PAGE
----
The questions you have to ask yourself before tying the knot
GO mBEANNAÍ DIA daoibh, hello to the happy harried and to singletons alike, you’re more than welcome to the Bluffer’s Guide to Irish.
“Love and marriage, love and marriage go together like a horse and carriage...” crooned old Blue Eyes in the days were much simpler.
Pósadh is the Irish for marriage and a wedding, póstaí are marriages and bainis - is the dad dancing wedding reception.
The Bluffer read a magazine article recently which asked “When do you think a person is ready for marriage?”
One of the things that came up as a pre-requisite was aibíocht - maturity.
Tháinig sé/sí in aibaíocht - means he/she matured.
So, basically, if the man in your life is still bringing his washing home to his Mammy, then maybe he might not be ready for settling down.
Or if Manchester United /Celtic/Rangers/Errigal Ciaráin or any other sports team are his only subject of conversation, then it’s going to lead to a lot of silences.
Más fearr leis a bheith ag ól lena chairde - if he prefers to be drinking with his mates to dinnéar rómansúil faoi sholas coinnle - a romantic, candle-lit dinner with you, then popping the question might be the last thing on his mind.
On the other hand, if the babe of your dreams is more interested in Love Island than going to the Eamon Phoenix lecture you booked, then the portents don’t look positive.
Of course, it might be the guys who are into candle-lit dinners and Love Island and the girls might rightly be faoi dhraíocht ag - fascinated by Eamon Phoenix so we have to avoid stereotypes.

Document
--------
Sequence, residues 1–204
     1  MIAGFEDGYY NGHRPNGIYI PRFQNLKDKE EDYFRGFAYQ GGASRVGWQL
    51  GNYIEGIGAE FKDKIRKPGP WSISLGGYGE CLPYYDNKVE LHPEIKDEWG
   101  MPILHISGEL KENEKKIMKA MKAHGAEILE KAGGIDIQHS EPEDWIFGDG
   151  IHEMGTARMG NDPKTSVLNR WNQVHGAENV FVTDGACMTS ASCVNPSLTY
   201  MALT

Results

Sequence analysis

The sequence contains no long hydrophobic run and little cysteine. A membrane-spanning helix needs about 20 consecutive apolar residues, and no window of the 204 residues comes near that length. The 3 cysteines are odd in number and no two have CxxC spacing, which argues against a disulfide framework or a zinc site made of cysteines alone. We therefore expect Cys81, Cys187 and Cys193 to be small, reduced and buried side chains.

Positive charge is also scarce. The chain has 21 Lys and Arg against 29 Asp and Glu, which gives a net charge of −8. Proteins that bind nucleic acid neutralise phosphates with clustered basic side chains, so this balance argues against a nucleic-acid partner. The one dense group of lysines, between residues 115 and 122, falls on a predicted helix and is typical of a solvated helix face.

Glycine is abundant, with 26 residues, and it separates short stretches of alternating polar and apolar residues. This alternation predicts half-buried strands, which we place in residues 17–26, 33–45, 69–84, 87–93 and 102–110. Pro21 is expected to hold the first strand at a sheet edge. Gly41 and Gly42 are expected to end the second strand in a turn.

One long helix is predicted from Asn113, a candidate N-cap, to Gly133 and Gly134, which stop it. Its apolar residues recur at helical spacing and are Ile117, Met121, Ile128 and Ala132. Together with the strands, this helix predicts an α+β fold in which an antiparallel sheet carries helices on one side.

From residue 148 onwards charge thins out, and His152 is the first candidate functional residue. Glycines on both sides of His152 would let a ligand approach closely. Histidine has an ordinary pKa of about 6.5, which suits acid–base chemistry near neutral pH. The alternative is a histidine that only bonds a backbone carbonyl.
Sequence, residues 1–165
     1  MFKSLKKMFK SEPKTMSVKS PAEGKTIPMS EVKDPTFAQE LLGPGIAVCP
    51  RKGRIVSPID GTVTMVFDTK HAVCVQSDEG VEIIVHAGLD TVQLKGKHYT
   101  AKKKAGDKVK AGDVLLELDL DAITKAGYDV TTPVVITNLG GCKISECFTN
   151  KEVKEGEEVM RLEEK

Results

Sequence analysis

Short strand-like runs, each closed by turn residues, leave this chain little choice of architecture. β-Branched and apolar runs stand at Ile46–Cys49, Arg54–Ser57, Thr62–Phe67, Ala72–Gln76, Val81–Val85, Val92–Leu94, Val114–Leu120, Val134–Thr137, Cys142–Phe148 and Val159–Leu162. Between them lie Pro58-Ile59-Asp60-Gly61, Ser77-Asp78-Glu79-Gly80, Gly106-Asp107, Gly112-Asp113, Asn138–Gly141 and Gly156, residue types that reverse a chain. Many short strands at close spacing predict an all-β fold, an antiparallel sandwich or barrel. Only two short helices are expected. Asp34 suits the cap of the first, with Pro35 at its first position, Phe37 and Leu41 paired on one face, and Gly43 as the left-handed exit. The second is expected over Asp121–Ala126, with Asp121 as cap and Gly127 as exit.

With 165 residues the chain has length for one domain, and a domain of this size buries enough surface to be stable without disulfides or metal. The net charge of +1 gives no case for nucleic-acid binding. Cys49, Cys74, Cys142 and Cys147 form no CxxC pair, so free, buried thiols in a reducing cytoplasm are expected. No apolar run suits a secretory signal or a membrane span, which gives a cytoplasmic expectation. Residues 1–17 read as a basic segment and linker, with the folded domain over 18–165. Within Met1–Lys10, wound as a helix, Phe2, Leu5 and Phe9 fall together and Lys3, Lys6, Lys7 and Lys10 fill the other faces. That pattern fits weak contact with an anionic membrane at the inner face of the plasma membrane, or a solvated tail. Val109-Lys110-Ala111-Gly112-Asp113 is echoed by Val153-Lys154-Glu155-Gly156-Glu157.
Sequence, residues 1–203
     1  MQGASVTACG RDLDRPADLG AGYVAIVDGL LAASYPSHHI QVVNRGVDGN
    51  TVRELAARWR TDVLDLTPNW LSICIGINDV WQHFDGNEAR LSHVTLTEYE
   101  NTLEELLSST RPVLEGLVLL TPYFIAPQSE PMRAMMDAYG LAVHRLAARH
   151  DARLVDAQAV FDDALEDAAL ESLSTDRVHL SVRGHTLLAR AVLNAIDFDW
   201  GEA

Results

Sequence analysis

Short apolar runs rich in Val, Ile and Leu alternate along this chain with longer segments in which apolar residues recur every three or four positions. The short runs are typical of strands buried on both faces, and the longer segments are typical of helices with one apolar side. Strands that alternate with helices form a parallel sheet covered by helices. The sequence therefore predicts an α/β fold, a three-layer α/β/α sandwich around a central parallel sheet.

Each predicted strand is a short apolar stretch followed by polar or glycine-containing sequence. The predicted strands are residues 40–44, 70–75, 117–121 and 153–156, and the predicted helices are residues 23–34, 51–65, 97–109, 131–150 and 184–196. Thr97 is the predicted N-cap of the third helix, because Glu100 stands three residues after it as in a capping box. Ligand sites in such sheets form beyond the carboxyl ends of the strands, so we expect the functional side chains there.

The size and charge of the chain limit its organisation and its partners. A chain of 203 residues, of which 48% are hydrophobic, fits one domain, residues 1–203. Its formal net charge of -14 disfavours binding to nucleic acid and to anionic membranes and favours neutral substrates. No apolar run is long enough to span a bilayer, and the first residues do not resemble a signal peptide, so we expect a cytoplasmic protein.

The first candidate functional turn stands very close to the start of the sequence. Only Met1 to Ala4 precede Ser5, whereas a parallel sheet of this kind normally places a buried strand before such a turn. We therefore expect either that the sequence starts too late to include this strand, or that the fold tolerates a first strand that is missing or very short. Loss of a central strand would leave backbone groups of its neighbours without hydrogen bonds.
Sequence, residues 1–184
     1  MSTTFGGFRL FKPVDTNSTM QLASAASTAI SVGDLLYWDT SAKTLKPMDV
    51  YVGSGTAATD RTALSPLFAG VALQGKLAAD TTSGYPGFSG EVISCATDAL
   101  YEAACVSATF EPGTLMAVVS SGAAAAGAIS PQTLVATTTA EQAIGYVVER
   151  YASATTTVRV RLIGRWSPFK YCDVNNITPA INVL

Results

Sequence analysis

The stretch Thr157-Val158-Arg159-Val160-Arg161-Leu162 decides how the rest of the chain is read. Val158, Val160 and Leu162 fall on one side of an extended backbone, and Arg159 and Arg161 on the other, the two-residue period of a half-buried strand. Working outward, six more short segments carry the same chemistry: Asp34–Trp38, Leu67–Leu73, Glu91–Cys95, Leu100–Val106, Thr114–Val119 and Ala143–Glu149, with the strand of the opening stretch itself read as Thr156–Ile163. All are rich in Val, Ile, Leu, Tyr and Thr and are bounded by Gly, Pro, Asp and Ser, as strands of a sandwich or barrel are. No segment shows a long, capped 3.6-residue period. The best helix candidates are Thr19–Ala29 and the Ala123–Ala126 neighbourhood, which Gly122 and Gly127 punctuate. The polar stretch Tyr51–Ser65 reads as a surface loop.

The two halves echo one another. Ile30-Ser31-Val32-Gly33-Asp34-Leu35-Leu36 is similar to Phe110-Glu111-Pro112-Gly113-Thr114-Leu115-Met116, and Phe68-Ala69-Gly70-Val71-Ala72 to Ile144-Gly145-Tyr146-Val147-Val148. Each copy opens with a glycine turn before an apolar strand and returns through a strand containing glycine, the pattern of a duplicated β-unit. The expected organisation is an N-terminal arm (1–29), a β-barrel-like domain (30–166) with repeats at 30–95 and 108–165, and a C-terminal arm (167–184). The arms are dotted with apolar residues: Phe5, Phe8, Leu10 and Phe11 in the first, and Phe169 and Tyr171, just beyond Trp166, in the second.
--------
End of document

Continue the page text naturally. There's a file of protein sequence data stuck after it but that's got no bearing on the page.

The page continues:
But there so many facets to picking out Mr or Mrs Right.
An bhfuil dúil ag do chairde ann/inti? - do your friends like him/her or does that matter?
Cad é a dhéanfá mura mbeadh dúil ag do thuismitheoirí ann/inti? What would you do if your parents didn’t like your him/her?
Many’s a relationship has foundered on a mother thinking a girl wasn’t good enough for her big son and a father thinking a young man
Then before you decide to get wed, there are questions such as cá mhéad páiste ba mhaith leat? How many children would you like; an mbeifeá sasta bogadh thar lear - would you be willing to move abroad and an mbíonn tú ag srannfaí - Do you snore? Sometimes it’s the little things that are so important!
In 2019, there were 7,255 Marriages registered in the north, 103 of these being civil partnerships.
In the south, the number of marriages celebrated in 2020 more than halved in comparison to 2019 - out down mainly to Covid.
It was also found that brides and grooms are getting older - average age reaching 35.7 years for brides and 37.8 years for grooms in opposite-sex marriages while the average age of both male and female in same-sex marriages was 40.0 years
Interestingly, civil marriage ceremonies were the most popular ceremonies for both opposite-sex and same-sex couples in 2020.
pósadh (pawsoo) - a marraige or wedding
póstaí (pawstee) - marriages
bainis (baaneehs) - a wedding reception
aibíocht - (abeeakht) maturity.
Tháinig sé/sí in aibaíocht (hanick shay/she i maydeeakht) - means he/she matured
Más fearr leis a bheith ag ól lena chairde (maass far lesh a vay eg awl lena kharja) - if he prefers to be drinking with his mates
dinnéar rómánsúil faoi sholas coinnle (jinyair romansool fwee huliss kinle) - a romantic, candle-lit dinner
faoi dhraíocht ag (fwee greeakht eg) - fascinated by
An bhfuil dúil ag do chairde ann/inti? (un wil dooil eg daw kharja ann/intchee) - do your friends like him/her
Cad é a dhéanfá mura mbeadh dúil ag do thuismitheoirí ann/inti? (cadge ay a yanhaa mura mayoo dooil eg daw hismihoree un/intchee) - What would you do if your parents didn’t like him/her?
cá mhéad páiste ba mhaith leat? (ca vayd paashta ba why lat) How many children would you like?
an mbeifeá sásta bogadh thar lear (un mayha saasta bugoo har laar ) - would you be willing to move abroad
an mbíonn tú ag srannfaí (un eean too eg sranfwee) - Do you snore?